We’re also different from most because of the materials we use, which gives us freedom in design that standard board builders don’t have. We’re able to progress more rapidly because we don’t have to wait for blank molds to be built. But then again, there hasn’t been a rapid progression in shapes for a number years that have directly affected other board builders.

Rick Carroll: I think all boards have certain traits in their shapes that give them a certain personality, but what makes you stand out is how you’re perceived by your customers.

The best indication of all is how many custom shapes you do — as opposed to the stock shapes. I’m at about 50 percent, with almost half of that being return customers who were satisfied with their boards. I like the challenge of shaping longboards, fun boards, fishes, and short boards. I don’t limit myself to a niche market.

Transworld SURF Business: How much do you anticipate your business growing in the next few years?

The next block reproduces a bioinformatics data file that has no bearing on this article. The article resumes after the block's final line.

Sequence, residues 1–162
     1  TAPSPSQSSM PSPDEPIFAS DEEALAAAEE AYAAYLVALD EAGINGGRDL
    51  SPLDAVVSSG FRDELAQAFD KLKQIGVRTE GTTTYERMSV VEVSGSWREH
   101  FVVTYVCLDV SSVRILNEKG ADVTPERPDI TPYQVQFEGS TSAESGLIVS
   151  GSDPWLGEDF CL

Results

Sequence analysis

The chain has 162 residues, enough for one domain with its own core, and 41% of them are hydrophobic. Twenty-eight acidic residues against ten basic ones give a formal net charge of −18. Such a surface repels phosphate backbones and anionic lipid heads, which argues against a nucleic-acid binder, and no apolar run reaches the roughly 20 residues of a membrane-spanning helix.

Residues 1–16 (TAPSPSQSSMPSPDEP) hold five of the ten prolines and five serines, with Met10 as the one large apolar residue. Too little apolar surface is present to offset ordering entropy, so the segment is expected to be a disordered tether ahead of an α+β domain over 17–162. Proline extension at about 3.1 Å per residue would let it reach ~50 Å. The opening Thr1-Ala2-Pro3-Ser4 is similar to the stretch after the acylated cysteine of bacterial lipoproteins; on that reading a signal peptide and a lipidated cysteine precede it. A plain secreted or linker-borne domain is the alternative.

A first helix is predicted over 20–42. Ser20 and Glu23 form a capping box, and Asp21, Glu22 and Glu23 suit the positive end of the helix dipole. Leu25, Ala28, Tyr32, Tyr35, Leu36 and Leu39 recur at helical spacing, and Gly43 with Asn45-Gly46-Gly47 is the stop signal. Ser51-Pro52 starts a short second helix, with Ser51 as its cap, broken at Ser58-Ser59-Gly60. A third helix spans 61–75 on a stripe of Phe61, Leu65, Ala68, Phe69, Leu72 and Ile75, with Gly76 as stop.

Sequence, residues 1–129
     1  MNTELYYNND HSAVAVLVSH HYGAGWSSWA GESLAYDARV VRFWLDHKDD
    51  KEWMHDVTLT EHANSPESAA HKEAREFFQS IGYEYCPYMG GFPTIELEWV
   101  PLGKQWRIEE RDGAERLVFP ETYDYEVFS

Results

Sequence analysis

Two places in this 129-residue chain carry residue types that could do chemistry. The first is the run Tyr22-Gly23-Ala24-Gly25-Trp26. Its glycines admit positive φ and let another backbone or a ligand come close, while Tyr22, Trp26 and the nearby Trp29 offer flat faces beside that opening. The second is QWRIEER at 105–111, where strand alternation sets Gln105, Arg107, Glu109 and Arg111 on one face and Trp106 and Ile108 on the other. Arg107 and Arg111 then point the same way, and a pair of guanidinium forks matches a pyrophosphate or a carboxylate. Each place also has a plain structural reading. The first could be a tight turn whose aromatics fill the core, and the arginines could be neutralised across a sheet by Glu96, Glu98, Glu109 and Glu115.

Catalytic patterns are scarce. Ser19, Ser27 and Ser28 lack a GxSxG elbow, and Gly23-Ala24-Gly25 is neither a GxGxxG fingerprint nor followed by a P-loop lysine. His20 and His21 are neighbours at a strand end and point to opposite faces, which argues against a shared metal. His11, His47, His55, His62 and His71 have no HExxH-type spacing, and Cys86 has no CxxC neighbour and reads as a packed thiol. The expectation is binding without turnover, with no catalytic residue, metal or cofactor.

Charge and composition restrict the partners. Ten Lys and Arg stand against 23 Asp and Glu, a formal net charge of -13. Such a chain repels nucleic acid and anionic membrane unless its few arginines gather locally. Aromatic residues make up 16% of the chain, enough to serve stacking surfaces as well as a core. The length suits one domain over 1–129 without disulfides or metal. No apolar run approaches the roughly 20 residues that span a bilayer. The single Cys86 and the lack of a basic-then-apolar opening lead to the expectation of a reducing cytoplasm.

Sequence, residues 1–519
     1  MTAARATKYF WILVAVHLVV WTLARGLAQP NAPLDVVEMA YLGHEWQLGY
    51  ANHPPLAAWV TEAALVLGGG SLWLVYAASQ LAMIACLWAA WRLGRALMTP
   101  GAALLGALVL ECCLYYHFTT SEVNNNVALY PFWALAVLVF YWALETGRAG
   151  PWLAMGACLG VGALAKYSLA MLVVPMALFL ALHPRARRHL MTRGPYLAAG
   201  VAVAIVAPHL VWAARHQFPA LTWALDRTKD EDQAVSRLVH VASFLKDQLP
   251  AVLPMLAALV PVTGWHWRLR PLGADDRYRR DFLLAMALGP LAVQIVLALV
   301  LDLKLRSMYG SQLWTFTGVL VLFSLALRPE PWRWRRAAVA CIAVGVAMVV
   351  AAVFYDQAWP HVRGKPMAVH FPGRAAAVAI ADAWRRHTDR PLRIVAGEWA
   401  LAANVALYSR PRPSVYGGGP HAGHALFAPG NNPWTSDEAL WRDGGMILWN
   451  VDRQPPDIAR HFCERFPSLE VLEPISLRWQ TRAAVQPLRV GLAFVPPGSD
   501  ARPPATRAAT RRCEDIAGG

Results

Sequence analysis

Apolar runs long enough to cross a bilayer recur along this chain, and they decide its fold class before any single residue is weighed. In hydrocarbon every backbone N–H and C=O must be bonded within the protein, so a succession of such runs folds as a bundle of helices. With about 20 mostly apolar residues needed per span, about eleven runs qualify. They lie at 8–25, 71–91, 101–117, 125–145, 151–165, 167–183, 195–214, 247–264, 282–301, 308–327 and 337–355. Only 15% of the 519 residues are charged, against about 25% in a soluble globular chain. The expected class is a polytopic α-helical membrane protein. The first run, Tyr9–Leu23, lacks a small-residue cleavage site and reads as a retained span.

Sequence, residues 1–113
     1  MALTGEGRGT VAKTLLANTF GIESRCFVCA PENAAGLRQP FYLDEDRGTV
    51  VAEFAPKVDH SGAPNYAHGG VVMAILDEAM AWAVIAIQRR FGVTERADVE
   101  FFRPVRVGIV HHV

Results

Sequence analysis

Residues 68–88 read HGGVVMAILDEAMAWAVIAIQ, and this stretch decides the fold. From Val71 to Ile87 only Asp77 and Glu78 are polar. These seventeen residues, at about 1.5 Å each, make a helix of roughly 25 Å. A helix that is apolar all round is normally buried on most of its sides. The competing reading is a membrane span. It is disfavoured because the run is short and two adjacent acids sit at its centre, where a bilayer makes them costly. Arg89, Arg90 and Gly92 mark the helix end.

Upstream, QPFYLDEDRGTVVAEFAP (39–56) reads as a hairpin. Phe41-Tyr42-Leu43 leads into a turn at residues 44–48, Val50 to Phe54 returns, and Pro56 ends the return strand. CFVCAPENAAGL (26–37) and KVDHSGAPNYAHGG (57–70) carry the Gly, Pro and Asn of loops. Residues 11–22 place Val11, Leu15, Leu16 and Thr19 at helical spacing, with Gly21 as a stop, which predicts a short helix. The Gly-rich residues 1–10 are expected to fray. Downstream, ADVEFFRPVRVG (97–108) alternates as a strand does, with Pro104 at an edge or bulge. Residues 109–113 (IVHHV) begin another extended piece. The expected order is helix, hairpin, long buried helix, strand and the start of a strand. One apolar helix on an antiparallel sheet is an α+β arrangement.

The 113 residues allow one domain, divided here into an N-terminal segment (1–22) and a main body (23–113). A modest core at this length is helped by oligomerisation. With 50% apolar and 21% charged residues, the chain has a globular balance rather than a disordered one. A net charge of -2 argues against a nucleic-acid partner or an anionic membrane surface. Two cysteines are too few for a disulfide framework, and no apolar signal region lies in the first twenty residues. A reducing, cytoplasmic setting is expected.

Greg Loehr: Not much. I build 500 boards a year, and shape everyone myself. I don’t use machines or any other mass-production tricks. I just go in and knock ’em out by hand the way you’re supposed to. There just isn’t a better way to do it in the existing market place.

If the demand for custom surfboards wanes at some point, then maybe a mass-production product will be an answer. But this is a sport that promises individuality and the specter of mass-produced product, I believe, is still distasteful to most surfers.

Rick Carroll: My business, R&D Surf, has grown steadily for the past seven years and as we continue to add new labels to glass we’ll keep growing each year. We’re currently looking to expand the size of our factory to increase our volume.

Transworld SURF Business: How do you feel the different fins systems affect to performance of the shapes?

Greg Loehr: Fin systems are the single greatest performance progression of this decade. What people are starting to find out is that the ride of any board can be severely influenced by fin selection.